The Fujifilm FinePix XP120 is a mid-priced rugged waterproof compact with a 16.4 megapixel sensor and a stabilised 5x optical zoom with an equivalent range of 28-140mm and a maximum aperture of f3.9-4.9. It’s nicely styled, available in a range of bright colours and provides a range of auto exposure modes to make taking picturees in and out of the water as simple as possible.
The XP120 is a fairly minor update to the earlier XP90, adding five metres to its diving capability – it’s waterproof to a depth of 20 metres, compared with 15 metres on the older XP90. Also new is Cinemagraph mode which produces still images with moving elements.
It retains the sensor, lens, 3 inch 920k dot fixed screen, and built-in Wifi of its predecessor. Exposure modes and features are also unchanged, the highlights being 10fps full resolution continuous shooting, an interval timer with time-lapse movie, and 1080 / 60p video. There’s no built-in GPS but you can transfer location data from your phone to photos in the camera using the free Camera Remote app.
Read on to see how it compares to the Olympus TOUGH TG-5, a camera that costs roughly twice the price, but has a lot more to offer.
Before we get on to physical features and compare specifications the first thing to say is the the FinePix XP120 is a much simpler model than the TOUGH TG-5. It lacks the TG-5’s mode and control dials, it has Wifi, but no built-in GPS, lacks some of the TOUGH TG-5’s advanced shooting modes and doesn’t support 4k movies. But maybe you don’t need all that, and the lack of it makes the FinePix XP120 a much simpler camera to operate.
The FinePix XP120 has a longer 5x optical zoom with a 28-140mm range, though its f3.9-4.9 maximum aperture isn’t as bright as the TG-5’s, at least not at the wide angle end of the range. And in my tests its picture quality wasn’t as good as the TG-5’s with its 16.4 Megapixel sensor generating significantly more noise.
It has a bigger, higher resolution screen than the TOUGH TG-5 – both are 3 inch but the XP120’s is 4:3 proportioned so still images fill it. It can also dive deeper – 20 metres compared with 15 meters for the TG-5.
While it can’t match the TG-5’s impressive array of continuous shooting modes it does offer a very respectable 10fps full resolution continuous mode as well as interval and time-lapse shooting.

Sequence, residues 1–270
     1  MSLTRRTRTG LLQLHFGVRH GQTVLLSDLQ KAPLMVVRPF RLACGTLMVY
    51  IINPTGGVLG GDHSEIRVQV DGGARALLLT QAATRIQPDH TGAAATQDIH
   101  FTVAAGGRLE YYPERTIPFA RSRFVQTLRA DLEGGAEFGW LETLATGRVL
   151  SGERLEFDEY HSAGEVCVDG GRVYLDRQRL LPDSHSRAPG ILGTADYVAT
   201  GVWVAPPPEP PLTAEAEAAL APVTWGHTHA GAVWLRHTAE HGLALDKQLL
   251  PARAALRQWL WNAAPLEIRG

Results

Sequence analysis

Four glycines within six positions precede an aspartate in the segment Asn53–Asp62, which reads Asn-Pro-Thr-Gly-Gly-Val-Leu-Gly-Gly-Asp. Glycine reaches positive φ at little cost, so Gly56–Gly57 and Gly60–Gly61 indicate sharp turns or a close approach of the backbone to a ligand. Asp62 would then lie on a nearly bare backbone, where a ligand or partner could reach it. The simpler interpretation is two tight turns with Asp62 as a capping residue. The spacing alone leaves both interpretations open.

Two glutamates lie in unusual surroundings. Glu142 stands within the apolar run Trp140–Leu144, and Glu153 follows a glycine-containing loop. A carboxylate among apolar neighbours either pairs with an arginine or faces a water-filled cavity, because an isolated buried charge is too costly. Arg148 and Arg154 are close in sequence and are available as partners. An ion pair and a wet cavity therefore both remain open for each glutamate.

Finally, the FinePix XP120 is a fraction of the cost of the TOUGH TG-5 – that fraction being around a half, as always, depending on where you shop. It doesn’t come close to the TG-5 in terms of specification or sophistication, but it’s a good alternative if simplicity and value for money are more of a priority for you. See my Olympus TOUGH TG-5 review for more details.
The older FinePix XP90 is also worth thinking about. The only differences are it’s waterproof to 15m, not 20m and it lacks the Cinemagraph mode – not things that will make much difference to most people. There’s not much of a price difference between the two models, but it’s enough for a small SD card, or a pair of flippers!
If you want better features without the expense of the TOUGH TG-5 the TOUGH TG-870 is worth a look. It has a 5x 21-105mm optical zoom paired with a 16 Megapixel sensor, the same rugged specs as the TG-5 i.e waterproof to 15m, and a flip-up 960k dot screen. You’ll have to live without the TG-5’s f2 maximum aperture (it’s f3.5 – 5.7 on the TG-870), 4K movies, fast continuous shooting, temperature sensor and RAW capability, but, like the FinePix XP120, it’s around half the price of the TG-5. See my TOUGH TG-860 review for details. And don’t forget the earlier TOUGH TG-4, while still available, shares the same lens as the TG-5, but lacks all the new features including the new sensor and processor, 4K video, Pro Capture, control dial and thermometer. See my TOUGH TG-4 review for details.
But if you want a stylish rugged waterproof compact that’s easy to use and has a wide range of feature modes and filters, then the FinePix XP120 fits the bill. It’s strong points are its ease of use, 10fps full-resolution shooting and a good, if basic Wifi app. Unfortunately there a fair few downsides including noisy images, a 28mm wide angle that’s not quite wide enough, and macro focussing that’s not quite close enough.
Waterproof to 20 metres, dropproof from 1.75m, freezeproof to -10C, and dustproof.
Fast continuous shooting.
Built-in Wifi with good app.
Ease of use.
Short burst continuous shooting.
28mm wide-angle not as wide as rivals.
9cm minimum focusing not as close as rivals.
210 shot battery life.